The name change of the brook and all other federal lands will be reflected in a database called the Geographic Names Information System, according to a statement by the U.S. Geological Survey, a bureau within Interior.
Federal agencies rely on that system to publish maps, and private companies, such as Apple Inc., Esri and Google, often use it for their mapping software, though they do not have to.
Claire Garland, a retired middle school teacher in Tinton Falls and a lifelong defender of Native American causes, said she believes that the use of "squaw" on a map is just as hurtful as speaking it.
"If it's on a map, it's there," said Garland, the director of the Sand Hill Indian Historical Association in the Lincroft section of Middletown Township. "You read it, and you see it. It's offensive, even if you don't hear it."
As part of the renaming process, the Geological Survey came up with five possible new names for each of the 660 sites. The candidate names were chosen through a search of nearby geographic features.
For Squaw Brook, the candidate names are First Watchung Mountain, Haledon Reservoir, Mount Cecchino, Oldham Pond and Second Watchung Mountain.
The brook will assume one of those non-derogatory modifiers.
For example, it could be Oldham Brook, or it may be forever known as First Watchung Brook.
The decision will rest with the Derogatory Geographic Names Task Force, a 13-member panel that was established by the Interior Department through its action in the fall. It is composed of representatives of its bureaus and offices, including the Bureau of Land Management and the National Park Service.
The task force will review all possible replacement names, including any submitted by the public.
Then, within the next three months, it will send its proposed changes to the Board on Geographic Names. Final decisions are expected in September.
The Interior Department said the new renaming process has accelerated what would likely have been years — perhaps even decades — of waiting. The Geographic Names board normally acts on a case-by-case basis, it said, and there are several hundred name changes in line.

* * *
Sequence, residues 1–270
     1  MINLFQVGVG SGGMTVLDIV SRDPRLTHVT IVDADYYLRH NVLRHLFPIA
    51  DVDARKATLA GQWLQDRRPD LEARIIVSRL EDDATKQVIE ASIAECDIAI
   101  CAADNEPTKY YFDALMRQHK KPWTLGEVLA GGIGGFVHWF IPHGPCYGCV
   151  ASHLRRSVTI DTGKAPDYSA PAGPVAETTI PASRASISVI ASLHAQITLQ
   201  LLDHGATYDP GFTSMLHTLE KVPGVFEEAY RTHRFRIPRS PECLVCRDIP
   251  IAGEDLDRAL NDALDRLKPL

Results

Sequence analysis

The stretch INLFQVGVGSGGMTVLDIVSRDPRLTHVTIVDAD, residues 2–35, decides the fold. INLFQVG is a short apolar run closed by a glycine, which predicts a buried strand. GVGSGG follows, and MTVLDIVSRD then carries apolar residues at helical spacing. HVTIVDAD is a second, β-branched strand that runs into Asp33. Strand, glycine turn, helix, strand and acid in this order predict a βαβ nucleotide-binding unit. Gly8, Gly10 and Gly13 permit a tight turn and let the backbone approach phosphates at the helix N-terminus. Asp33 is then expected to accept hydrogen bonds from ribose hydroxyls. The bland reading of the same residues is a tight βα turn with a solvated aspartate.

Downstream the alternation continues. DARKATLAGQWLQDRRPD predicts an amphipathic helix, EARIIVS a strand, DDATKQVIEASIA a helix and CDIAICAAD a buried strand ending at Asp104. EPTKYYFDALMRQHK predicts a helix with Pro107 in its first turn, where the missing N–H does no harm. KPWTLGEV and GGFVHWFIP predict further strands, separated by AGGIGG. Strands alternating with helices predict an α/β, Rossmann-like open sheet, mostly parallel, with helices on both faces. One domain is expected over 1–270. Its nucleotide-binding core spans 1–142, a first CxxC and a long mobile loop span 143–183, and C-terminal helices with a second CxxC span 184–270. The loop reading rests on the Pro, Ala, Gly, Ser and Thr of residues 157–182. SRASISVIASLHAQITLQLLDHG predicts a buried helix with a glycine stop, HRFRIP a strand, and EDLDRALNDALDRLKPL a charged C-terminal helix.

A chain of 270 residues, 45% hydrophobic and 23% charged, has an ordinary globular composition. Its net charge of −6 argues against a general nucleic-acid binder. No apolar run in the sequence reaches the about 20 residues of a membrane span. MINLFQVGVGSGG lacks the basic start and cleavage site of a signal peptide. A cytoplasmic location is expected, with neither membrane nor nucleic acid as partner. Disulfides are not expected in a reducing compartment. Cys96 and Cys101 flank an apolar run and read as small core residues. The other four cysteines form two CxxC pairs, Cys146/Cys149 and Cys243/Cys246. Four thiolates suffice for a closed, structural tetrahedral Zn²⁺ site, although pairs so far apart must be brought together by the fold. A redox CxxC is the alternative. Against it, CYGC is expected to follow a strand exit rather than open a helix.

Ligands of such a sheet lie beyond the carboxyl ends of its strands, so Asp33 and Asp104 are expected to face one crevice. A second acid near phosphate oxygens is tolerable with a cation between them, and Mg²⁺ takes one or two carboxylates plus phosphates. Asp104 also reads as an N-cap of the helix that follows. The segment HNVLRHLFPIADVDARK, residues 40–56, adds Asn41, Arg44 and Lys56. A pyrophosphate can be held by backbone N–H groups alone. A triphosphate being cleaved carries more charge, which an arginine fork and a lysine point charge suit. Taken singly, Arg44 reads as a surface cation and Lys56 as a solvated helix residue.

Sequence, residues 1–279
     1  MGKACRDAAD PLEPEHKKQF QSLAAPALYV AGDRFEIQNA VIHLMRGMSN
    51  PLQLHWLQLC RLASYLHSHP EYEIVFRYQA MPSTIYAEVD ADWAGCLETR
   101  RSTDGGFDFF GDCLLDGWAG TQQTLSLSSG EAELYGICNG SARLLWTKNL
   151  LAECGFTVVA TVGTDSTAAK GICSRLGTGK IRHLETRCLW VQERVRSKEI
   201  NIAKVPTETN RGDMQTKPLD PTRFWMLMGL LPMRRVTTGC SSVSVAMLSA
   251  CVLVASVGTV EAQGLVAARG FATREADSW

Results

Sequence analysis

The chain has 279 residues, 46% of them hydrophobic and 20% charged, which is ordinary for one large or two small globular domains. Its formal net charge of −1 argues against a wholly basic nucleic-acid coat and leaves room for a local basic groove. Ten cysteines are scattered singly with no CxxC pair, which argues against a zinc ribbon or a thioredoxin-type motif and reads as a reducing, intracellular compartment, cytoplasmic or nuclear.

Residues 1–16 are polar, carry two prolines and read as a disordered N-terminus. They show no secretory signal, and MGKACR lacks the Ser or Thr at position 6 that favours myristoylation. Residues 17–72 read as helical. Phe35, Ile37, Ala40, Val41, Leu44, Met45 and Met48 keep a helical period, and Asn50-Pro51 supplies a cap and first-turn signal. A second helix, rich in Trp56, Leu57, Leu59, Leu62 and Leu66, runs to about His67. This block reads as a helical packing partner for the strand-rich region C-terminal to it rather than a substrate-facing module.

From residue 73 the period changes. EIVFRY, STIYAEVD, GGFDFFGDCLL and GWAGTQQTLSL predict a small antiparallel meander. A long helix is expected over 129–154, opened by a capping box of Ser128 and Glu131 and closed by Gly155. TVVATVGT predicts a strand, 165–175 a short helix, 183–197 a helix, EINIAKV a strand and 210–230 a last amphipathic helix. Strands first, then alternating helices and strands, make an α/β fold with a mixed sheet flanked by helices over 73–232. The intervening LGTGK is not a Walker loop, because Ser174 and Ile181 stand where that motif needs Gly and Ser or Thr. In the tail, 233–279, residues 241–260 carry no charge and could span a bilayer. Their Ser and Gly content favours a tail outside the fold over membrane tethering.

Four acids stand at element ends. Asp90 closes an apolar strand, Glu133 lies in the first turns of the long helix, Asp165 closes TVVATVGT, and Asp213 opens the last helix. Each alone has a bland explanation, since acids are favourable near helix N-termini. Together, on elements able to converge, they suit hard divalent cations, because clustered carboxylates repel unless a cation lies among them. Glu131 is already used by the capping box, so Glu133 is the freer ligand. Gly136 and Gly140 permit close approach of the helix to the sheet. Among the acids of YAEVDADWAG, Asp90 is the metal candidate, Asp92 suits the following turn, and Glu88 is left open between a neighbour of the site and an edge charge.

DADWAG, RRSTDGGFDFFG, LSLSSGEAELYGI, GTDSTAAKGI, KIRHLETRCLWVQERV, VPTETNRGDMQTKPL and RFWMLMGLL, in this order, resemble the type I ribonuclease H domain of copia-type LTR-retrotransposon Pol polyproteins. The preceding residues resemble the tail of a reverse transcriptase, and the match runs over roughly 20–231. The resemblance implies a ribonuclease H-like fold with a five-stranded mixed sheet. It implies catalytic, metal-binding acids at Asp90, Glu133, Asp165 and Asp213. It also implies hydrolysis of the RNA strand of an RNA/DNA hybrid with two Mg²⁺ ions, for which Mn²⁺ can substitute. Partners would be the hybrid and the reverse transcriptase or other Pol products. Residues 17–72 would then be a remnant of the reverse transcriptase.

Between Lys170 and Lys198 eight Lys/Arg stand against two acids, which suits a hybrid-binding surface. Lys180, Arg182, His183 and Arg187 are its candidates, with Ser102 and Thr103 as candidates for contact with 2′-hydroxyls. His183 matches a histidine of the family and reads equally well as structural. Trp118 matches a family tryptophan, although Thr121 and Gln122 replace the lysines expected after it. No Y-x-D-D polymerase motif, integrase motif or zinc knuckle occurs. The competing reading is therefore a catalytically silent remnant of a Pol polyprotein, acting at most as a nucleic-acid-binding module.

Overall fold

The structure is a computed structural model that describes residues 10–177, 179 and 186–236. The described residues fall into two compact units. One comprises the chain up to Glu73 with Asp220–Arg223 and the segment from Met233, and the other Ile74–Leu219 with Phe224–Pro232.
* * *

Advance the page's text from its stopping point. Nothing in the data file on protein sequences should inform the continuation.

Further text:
The broad elimination of "squaw" from the federal database marks the third time that the board has undertaken a comprehensive purge of a derogatory word.
It banned the N-word amid the height of the civil rights movement, and 12 years later a disparaging term for "Japanese."
"Words matter, particularly in our work to make our nation's public lands accessible and welcoming to people of all backgrounds," said Secretary of the Interior Deb Haaland, of New Mexico, the first Native American to ever serve as a Cabinet secretary.
But such progress, including the highly publicized move by the NFL franchise to change its name — from Redskins to Football Team and, finally, to Commanders — has come very slowly, said Burton, the Ramapo tribal elder.
"We've been complaining about it since the '60s," Burton said. "It's only now that people are coming around and starting to listen."
A "whole new generation" has been responsible for the positive evolution, he said, adding: "They have more sensitivity. Hopefully, it'll make a big difference in the world."
Philip DeVencentis is a local reporter for NorthJersey.com. For unlimited access to the most important news from your local community, please subscribe or activate your digital account today.
Be part of the process
The Department of the Interior wants feedback on candidate names floated to replace current names of sites that were declared derogatory for the use of "squaw." Visit the Federal Register for instructions on how to share thoughts on the proposed changes.
This article originally appeared on NorthJersey.com: North Haledon NJ: Squaw Brook getting new name